In walks Colonel Hudson Stephen Kane, a brilliant Marine Corps psychiatrist, who is assigned by the Pentagon to treat the patients at Center Eighteen. Kane is cool as a cucumber as some of the inmates—the lead characters in the story and particularly the highly animated former astronaut Captain Billy Thomas Cutshaw—unleash their verbal missiles at the new commanding officer in his office and in his quarters. He refuses to keep the doors locked because “ They've got to be able to see me whenever they need to.” 

Kane studies their case files and listens attentively to their crazy voices, each increasingly making less sense than the next, and you don’t know who is humouring whom.

Here are some instances…

When Colonel Richard Fell, the medic, walks into the office without wearing his trousers, Kane asks him, “Do you plan to get dressed?” To which Fell replies, “How the hell can I get dressed when Lieutenant Fromme won’t surrender my pants? You don’t want me to rip them off!”

Or when Kane asks Cutshaw why he aborted his moon mission, the ex-astronaut answers: “Why should I? What the hell’s up there? When Christopher Columbus sailed from Spain, did he ever dream that he’d find America? All he ever dreamed about was compasses. Idiot starts out looking for India and then plants the flag on Pismo Beach.”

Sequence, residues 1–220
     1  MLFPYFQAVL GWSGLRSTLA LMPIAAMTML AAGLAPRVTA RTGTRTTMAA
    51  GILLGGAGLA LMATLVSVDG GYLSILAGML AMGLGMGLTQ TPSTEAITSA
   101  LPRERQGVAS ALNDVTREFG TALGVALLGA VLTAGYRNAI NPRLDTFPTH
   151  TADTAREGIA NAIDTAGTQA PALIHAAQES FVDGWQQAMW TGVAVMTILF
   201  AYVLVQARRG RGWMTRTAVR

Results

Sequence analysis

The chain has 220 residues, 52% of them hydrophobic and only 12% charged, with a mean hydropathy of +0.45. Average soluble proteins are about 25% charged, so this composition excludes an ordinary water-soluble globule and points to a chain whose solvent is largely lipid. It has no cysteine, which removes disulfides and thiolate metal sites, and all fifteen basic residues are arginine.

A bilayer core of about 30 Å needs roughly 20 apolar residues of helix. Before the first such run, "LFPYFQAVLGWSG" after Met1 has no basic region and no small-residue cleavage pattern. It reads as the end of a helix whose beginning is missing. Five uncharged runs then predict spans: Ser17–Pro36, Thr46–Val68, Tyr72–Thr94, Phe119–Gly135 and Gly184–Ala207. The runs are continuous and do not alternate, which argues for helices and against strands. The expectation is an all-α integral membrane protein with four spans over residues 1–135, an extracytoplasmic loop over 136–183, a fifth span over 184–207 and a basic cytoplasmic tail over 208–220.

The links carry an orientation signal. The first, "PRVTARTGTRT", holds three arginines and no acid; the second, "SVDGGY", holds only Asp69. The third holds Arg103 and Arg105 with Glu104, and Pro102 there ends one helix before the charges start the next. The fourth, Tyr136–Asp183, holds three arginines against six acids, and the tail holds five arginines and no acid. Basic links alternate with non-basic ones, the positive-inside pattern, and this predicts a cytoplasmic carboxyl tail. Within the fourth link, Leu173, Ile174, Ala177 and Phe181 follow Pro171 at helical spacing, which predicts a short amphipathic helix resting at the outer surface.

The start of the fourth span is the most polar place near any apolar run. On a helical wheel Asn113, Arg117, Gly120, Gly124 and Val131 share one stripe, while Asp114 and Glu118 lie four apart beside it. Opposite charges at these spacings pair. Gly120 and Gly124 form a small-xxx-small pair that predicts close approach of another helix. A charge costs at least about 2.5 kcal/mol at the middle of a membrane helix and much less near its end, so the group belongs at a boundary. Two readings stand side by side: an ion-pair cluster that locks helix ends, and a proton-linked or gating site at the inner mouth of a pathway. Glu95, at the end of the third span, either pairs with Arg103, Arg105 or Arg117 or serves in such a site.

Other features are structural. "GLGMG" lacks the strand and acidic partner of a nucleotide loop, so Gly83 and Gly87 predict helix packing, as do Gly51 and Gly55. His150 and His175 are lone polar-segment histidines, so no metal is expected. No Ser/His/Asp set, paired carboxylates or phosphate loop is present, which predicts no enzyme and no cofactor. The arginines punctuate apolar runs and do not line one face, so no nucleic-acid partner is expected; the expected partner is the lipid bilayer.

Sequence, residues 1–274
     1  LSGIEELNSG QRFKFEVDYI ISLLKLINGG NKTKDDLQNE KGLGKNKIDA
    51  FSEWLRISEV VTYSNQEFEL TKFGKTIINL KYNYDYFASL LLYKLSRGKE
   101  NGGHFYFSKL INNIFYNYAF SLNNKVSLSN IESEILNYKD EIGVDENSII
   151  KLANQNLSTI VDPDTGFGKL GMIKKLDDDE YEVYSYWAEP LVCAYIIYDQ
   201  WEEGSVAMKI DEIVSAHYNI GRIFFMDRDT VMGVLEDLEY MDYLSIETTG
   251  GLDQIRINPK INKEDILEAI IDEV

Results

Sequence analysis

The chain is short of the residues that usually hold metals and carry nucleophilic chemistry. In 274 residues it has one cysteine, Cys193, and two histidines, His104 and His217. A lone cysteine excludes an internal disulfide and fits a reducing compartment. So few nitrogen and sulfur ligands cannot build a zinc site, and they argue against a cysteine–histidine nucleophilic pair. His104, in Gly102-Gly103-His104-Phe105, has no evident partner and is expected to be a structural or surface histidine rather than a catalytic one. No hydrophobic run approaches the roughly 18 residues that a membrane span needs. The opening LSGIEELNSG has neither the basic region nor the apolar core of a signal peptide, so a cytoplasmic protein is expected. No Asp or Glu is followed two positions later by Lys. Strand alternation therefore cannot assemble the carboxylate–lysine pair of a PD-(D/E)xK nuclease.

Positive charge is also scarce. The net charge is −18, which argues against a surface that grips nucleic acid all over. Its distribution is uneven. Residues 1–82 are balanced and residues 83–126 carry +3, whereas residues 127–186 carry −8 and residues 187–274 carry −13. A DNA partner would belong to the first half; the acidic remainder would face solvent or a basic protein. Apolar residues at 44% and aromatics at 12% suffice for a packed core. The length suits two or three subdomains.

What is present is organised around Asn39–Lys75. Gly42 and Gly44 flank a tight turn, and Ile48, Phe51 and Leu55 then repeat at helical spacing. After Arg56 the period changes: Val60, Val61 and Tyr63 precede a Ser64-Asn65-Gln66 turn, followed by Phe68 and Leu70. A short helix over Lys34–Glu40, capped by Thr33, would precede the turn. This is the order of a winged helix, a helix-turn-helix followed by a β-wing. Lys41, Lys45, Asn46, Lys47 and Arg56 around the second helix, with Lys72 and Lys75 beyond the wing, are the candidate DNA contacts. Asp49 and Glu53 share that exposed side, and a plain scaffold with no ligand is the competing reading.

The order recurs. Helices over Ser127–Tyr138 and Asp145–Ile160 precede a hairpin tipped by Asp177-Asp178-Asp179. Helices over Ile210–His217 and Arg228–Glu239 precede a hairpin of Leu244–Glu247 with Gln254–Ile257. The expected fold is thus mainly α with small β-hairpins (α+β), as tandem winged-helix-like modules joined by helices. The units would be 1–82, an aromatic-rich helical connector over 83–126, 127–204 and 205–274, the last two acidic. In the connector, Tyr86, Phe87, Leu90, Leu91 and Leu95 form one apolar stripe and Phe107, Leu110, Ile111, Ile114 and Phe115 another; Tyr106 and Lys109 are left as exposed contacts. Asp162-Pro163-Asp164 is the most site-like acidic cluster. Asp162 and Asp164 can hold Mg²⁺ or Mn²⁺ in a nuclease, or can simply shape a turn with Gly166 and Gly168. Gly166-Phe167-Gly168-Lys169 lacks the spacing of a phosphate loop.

Lieutenant David Reno is adapting Shakespeare’s plays for dogs including his own, called Irresponsible, which bolts into Kane’s room and starts licking his shoe. When Kane asks Reno if it’s his dog, the latter shouts back, “Does he look like my zebra? Christ, what the hell’s wrong with you people?” He looks at the dog and says, “He’s ten minutes late for rehearsal. Now out!”

When Kane asks another inmate, Price, why he wants his flying belt back, Price says with acid hostility, “I want to play Tinker Bell in drag in a fungoid production of Peter Pan, All right? Are you happy? Now, where the hell is it?”

Blatty tells us that the forerunner to these delusional military personnel and their delusional rants is Nammack, a captain in the USAF, who, while piloting a B-52 on a bombing run over Hanoi, abruptly stands up in the cockpit and claims he is superman with superhuman powers. Nammack cannot be cured without Kryptonite, it would seem, and he is soon followed by scores of officers who manifest sudden mental disturbance even though none of them has a history of mental or emotional imbalance.